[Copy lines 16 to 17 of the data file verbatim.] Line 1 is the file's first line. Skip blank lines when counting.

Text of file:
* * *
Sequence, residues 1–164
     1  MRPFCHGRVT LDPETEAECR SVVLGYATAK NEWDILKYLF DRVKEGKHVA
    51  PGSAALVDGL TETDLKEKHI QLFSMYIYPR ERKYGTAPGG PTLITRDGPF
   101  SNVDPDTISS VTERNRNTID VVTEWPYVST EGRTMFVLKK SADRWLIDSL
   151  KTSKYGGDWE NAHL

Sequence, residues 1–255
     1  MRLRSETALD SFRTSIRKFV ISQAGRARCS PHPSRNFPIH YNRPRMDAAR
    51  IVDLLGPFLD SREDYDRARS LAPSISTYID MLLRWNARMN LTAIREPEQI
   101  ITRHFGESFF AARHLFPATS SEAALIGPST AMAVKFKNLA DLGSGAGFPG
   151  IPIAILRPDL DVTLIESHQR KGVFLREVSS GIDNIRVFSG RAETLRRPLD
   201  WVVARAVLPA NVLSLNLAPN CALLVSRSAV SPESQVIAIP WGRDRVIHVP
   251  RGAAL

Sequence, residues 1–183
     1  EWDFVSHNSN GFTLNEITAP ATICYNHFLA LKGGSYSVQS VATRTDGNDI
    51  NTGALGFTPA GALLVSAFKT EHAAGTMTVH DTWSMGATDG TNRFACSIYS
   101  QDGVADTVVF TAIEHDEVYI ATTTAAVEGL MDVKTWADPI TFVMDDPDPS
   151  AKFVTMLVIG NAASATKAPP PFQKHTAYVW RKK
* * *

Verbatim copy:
   101  QDGVADTVVF TAIEHDEVYI ATTTAAVEGL MDVKTWADPI TFVMDDPDPS
   151  AKFVTMLVIG NAASATKAPP PFQKHTAYVW RKK